Thursday, August 29, 2013

Our American Cousin


My neighborhood in San Francisco's Bernal Heights is home to a pair of automotive cousins not known for their reliability, performance, or styling — the Chevy Chevette and the Yugo CV. It's good that they have each other. No news if any drag racing between these two odes to automotive incompetence has been scheduled. I'll keep you posted.


7 comments:

  1. Isn't Yugo the make of the car that blew off the Macinaw bridge a few years back? Anyone have more details on that accident?

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  2. In 1989 a woman from Royal Oak was driving across the bridge and her Yugo went over the railing and she (and her Yugo) fell to her death. The accident was originally thought to be caused by her speeding, though it was later determined that due to high winds that day the driver panicked and stopped her car. Unfortunately, she stopped it over an open grate in the roadway and the high winds blew up through that grate right under her car. http://micah.typepad.com/dogears_wrinkles/2007/05/mackinac_bridge.html

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  3. Yes, it happened in 1989. Leslie Ann Pluhar of Royal Oak went off the bridge accidentally during a wind storm in a 1987 Yugo. Deservedly, whatever was left of Yugo's reputation was lost at that point. It was a freak accident, and I believe some retrofits were done to the bridge, and conditions defined where no cars are allowed on the Bridge.

    http://www.unsolvedmysteries.com/usm486470.html




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  4. I owned a 1977 Chevrolet Chevette Scooter(no frills); it was a nice little car!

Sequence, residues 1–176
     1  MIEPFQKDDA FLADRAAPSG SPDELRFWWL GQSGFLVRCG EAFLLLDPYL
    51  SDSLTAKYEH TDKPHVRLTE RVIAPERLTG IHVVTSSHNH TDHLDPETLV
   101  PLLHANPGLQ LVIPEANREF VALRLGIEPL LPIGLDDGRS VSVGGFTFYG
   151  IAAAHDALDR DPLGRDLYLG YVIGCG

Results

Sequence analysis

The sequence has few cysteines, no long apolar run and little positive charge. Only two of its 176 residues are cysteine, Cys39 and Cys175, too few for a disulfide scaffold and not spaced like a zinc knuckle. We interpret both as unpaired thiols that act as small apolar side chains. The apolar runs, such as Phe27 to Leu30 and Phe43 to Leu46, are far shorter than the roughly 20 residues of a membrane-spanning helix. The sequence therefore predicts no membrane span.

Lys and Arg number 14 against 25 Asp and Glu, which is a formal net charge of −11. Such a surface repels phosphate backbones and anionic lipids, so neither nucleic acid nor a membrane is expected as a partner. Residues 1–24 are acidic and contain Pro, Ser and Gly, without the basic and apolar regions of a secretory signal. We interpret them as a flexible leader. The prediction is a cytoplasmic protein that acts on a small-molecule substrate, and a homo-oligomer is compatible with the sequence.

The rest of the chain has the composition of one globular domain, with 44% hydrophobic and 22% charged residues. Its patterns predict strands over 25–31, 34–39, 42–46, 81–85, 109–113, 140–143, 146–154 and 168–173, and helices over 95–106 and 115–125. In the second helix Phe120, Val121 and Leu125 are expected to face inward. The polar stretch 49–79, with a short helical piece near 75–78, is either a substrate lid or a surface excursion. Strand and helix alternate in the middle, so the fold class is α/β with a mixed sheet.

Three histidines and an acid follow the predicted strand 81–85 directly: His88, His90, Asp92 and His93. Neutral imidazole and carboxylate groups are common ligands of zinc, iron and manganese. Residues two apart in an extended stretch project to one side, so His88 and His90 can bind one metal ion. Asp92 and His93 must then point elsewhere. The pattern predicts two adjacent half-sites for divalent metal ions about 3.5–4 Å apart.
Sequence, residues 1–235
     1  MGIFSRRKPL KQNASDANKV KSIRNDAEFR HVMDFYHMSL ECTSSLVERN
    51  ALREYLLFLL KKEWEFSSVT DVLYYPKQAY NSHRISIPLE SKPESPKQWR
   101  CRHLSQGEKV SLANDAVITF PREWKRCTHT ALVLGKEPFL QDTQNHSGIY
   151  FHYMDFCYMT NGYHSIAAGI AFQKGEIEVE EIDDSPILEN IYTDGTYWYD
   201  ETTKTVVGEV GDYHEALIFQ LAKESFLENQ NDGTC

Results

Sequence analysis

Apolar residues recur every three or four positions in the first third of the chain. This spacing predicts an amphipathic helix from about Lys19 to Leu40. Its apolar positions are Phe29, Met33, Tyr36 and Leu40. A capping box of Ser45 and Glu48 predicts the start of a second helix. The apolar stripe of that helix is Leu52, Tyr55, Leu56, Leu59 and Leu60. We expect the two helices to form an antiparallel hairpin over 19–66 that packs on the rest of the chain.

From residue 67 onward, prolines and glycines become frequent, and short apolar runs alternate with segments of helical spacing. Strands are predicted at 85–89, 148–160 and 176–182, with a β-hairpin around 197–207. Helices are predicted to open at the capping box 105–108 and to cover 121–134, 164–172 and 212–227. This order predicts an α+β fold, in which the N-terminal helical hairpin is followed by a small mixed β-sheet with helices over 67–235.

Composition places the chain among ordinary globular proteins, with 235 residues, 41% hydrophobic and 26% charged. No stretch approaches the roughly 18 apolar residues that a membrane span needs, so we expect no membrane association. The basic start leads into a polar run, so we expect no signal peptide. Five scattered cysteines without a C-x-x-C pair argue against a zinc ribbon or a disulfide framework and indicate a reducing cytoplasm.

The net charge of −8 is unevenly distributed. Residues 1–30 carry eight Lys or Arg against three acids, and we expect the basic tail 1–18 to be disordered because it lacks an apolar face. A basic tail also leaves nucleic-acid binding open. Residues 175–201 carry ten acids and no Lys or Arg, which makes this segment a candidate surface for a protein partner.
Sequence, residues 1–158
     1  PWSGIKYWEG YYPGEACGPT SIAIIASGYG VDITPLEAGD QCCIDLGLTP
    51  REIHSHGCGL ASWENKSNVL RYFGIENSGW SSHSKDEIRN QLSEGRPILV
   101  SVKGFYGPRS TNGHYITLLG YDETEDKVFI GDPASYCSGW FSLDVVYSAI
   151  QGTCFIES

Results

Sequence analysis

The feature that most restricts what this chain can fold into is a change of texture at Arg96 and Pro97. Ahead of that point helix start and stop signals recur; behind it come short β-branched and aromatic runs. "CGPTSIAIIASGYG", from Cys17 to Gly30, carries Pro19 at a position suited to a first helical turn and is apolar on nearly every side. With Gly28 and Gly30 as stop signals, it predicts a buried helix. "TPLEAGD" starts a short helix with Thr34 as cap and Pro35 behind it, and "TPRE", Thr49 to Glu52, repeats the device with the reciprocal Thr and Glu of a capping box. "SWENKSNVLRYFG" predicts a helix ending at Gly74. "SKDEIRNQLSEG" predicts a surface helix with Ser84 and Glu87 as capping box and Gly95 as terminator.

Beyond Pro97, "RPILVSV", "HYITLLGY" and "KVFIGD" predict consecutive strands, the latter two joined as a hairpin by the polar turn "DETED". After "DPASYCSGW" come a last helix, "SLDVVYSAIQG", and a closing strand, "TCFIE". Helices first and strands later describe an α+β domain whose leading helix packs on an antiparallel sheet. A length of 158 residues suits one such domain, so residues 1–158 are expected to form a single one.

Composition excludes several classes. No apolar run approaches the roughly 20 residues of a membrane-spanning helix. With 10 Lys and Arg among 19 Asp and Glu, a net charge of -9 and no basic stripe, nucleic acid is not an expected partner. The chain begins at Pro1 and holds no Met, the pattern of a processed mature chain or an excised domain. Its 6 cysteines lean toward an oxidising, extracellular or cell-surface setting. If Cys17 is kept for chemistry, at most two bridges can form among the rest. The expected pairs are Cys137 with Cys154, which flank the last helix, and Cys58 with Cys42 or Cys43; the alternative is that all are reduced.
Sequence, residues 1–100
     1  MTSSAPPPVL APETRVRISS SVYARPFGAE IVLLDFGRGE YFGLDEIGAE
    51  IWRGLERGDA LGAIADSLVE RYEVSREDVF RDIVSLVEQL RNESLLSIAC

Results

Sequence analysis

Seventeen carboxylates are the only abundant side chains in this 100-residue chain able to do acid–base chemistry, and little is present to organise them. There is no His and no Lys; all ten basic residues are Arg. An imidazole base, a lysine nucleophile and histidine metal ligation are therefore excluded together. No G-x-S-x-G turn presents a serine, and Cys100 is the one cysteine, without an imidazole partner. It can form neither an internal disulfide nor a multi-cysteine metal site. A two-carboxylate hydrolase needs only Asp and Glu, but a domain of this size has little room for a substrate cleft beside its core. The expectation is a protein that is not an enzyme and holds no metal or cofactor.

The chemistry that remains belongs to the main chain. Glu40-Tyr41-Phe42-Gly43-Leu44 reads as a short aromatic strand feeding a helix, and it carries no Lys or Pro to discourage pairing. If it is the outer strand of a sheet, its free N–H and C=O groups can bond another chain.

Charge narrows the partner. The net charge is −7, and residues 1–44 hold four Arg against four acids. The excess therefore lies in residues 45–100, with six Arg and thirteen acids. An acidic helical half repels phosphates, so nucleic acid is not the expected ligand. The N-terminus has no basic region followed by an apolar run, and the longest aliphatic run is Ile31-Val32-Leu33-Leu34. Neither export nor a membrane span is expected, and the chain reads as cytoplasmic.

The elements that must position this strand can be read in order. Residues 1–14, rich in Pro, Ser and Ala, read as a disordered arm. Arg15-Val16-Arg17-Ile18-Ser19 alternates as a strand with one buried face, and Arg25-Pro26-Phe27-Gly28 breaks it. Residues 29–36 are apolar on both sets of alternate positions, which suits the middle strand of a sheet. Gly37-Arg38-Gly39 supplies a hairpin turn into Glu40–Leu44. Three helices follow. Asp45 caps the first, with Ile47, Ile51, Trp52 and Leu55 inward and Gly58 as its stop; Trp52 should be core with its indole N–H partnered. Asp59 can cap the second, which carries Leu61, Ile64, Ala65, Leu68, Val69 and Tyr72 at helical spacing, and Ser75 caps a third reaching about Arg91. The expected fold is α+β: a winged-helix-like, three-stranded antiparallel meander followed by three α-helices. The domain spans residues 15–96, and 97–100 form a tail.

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  5. The US-imported Yugo was just a licensed copy of a long-standing FIAT design, the 127, with some 128 technology. During most of its market life, many of its owners regarded it as reliable and effective...but as it had an interference engine, it required regular oil changes and timing belt maintenance. US owners of low-cost cars are notorious among the world automotive industry for their relatively poor maintenance habits. The Yugo, as with most other inexpensive cars of its era, was mismatched with owners that regarded it as an unmaintained transportation appliance, to be used as-is until it broke.

    Of course, in the end it was a fact that a car design that worked effectively in the tight quarters of Italy and the Balkans was simply inadequate to the US's greater driving distances and speeds.

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  6. It is unfair and inaccurate to compare the Chevette's quality and performance to that of the Yugo. Styling.........perhaps. The chevy was what it was- cheap transportation- but did come with GM's power train, which was vastly superior to that of the Yugo. There was ,however another "cousin" that WAS closer to the Yugo....the Dodge Omni-a true bucket of bolts.

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  7. My American cousin, not a Flint native, asked for a Chevette that our family bought with the discount an kept for the amount of time required before it could be sold according to GM. She was a non establishment type who, after leaving college for awhile, wandered through Europe, and even lived on a kibbutz in Israel for a while. The real deal. The Chevette got better gas mileage. That's why she wanted it when she got back from seeing the Supercontinent, returned to College, and eventually received a Ph.D. and retired from UM-Flint. We liked the car when we drove it. Our family bought another one or two. The downside is that it really didn't have the power for air conditioning, didn't have the power for very hilly terrain, and wasn't good in winter driving conditions. How does it do in the hills and valleys of San Francisco?

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